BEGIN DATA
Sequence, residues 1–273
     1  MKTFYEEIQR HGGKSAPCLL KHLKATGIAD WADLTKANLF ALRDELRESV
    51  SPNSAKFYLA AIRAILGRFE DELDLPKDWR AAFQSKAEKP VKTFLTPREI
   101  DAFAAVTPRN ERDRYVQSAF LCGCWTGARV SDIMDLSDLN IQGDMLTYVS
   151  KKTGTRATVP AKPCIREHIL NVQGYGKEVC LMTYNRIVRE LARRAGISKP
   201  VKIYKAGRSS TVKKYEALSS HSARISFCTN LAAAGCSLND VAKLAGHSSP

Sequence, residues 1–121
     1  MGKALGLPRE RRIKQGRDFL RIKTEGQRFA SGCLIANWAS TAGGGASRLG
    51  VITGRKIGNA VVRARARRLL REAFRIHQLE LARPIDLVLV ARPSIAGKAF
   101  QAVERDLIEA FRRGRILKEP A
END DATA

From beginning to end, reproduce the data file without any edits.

Sequence, residues 1–273
     1  MKTFYEEIQR HGGKSAPCLL KHLKATGIAD WADLTKANLF ALRDELRESV
    51  SPNSAKFYLA AIRAILGRFE DELDLPKDWR AAFQSKAEKP VKTFLTPREI
   101  DAFAAVTPRN ERDRYVQSAF LCGCWTGARV SDIMDLSDLN IQGDMLTYVS
   151  KKTGTRATVP AKPCIREHIL NVQGYGKEVC LMTYNRIVRE LARRAGISKP
   201  VKIYKAGRSS TVKKYEALSS HSARISFCTN LAAAGCSLND VAKLAGHSSP

Sequence, residues 1–121
     1  MGKALGLPRE RRIKQGRDFL RIKTEGQRFA SGCLIANWAS TAGGGASRLG
    51  VITGRKIGNA VVRARARRLL REAFRIHQLE LARPIDLVLV ARPSIAGKAF
   101  QAVERDLIEA FRRGRILKEP A